Tag Archives: massage in Havana

Havana’s Happy Ending Massage

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Next to a full-blown orgasm, there’s nothing more relaxing than a full-body massage in my book. A good massage even beats out great masturbation if you ask me, and while I’ve had massages in places as far flung as Hawaii and the Bronx, Guatemala and the Yucatán, I’ve been reticent to explore such carnal (albeit platonic) pleasures in Havana. It’s not a question of cost – a full one-hour massage is as little as $10 here – but rather the 1-2 combo of Cubans’ notoriously lascivious nature and a rabidly jealous Scorpion husband (see note 1). Who knew what would go down on that table, yours truly lying there nude, a strange man’s hands roaming all about?

But recently, a different 1-2 combo struck, sending me to that table: first, the need for release and relaxation was too pressing to ignore and then a friend opened a full-service spa. Permissible under Cuba’s new consumer capitalism regime, this privately-owned spa is in a privileged corner of an upscale neighborhood and offers everything from spinning classes and yoga to Brazilian wax jobs and microabrasions.

It seemed like the golden opportunity to invite the strong, well-oiled hands of an unknown Cuban macho to get acquainted with my body…

But before getting down to the nitty gritty, I wonder what you imagine when you hear the word ‘spa?’ Is it some oasis serving cucumber water and salmon/watercress baguettes on Little Palm Island? Or a strip mall in the Valley specializing in waxing, wrapping, threading, and peeling? Whatever images the word ‘spa’ conjures in your corner of the world, I bet it’s nothing like what we have in Havana.

All of the spas I know here (see note 2), are mansions or grand homes at least, with living rooms converted to fully-equipped gyms, bedrooms repurposed for Pilates, and closets retrofitted as saunas. My friend’s spa falls under this rubric, though as educated, well-traveled and cultured as she is, her spa is mucho más allá, offering nutrition consultations, medicinal plants for sale on the landscaped patio, and self-defense classes for women.

Bright, clean and spacious, the spa was welcoming but exuded the contradictory energy typical to Cuba at today’s crossroads: phones rang, appointments were made and administrators made sure it hopped with the hustle and bustle of a profit-making/seeking enterprise, while employees sat around picking their nails and contemplating their navels.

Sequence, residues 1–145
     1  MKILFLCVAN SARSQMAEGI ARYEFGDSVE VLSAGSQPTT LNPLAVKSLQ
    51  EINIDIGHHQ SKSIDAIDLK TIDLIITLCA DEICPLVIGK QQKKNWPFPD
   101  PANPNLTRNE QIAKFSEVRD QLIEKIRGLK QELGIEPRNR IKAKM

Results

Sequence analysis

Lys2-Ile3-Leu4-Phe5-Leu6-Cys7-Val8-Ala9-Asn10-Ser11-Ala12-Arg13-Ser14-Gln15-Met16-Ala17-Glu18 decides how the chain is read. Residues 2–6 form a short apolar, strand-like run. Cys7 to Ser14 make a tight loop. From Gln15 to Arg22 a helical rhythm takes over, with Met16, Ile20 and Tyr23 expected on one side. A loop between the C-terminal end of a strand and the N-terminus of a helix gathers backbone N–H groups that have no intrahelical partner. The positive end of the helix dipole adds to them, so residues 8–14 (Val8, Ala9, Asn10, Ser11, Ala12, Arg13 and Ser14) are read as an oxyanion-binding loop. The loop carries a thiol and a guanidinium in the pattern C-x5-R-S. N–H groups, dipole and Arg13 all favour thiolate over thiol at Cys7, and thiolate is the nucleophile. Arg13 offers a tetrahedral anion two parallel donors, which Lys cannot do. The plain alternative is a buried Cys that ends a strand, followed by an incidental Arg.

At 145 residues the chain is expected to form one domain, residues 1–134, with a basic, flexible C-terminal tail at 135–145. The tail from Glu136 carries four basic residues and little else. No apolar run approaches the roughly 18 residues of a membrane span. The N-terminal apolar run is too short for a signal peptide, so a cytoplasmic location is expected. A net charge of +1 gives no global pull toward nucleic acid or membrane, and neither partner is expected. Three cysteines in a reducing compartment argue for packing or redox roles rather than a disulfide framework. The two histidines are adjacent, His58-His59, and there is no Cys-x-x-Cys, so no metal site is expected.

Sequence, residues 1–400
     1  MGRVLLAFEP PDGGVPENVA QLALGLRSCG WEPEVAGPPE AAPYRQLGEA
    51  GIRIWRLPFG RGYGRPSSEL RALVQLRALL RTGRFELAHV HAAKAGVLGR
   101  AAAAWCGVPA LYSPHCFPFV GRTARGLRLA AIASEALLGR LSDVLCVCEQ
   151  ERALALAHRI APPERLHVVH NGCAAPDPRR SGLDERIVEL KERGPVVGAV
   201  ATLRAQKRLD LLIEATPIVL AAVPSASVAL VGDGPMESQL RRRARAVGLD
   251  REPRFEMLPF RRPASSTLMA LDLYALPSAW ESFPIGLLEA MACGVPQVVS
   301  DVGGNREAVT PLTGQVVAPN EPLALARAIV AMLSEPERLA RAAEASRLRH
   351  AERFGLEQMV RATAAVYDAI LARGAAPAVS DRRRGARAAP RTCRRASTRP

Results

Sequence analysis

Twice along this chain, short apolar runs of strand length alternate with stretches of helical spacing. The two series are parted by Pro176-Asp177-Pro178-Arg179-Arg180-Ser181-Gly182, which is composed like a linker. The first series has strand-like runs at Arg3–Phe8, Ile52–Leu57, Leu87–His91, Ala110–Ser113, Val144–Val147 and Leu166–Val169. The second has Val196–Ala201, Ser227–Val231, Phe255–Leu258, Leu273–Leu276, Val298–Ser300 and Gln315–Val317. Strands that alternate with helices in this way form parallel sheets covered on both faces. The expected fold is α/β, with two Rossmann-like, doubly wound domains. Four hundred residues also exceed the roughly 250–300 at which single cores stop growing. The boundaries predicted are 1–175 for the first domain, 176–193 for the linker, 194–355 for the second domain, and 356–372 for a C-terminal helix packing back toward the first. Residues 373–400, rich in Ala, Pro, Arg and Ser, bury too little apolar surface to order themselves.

I was shown to a Swiss-clean room with AC, professional massage table, and linens monogrammed with the spa’s logo. In the gleaming, marble bathroom, I was instructed to change into the robe provided. Just then, the masseur appeared. I’ll call him Henry. He was big not wide, which was good, and had the sculpted muscles of a gym rat, nicely displayed in a skin-tight wife beater. Except for his braces (adult orthodontia is big here), he was easy on the eyes, which is neither here nor there since my baby blues would be closed, but like having an unattractive or downright ugly gynecologist, it never hurts. Henry had the smooth, lustrous skin privy to youth and would be considered a hottie by anyone’s standards.

Expectations for popping my Cuba massage cherry were high…

I assumed the position face down on the table and Henry spoke the only words he’d utter to me over the next hour: “would you like your gluteus and breasts massaged as well?”

Wait, what?! I was sure I’d heard right, but was struck dumb for a second as yells of “you can do it señora! Feel the burn!!!” bellowed through the thin walls from the spinning class next door. My mind flew into high gear, considering his query:

– Is a tit massage standard procedure?
– Had I ever even been asked this before by a professional masseur?
– Do boobs even have muscles to massage?
– If the answer to the above questions is no, was there a hidden subtext?
– If I answer yes to the tit kneading, does it open the possibilities for a “happy ending” which, considering the cut of Henry’s jib, wouldn’t be the most unpleasant thing to happen to me today?

“Just the gluteus,” I told him when I’d regained my senses. He got busy.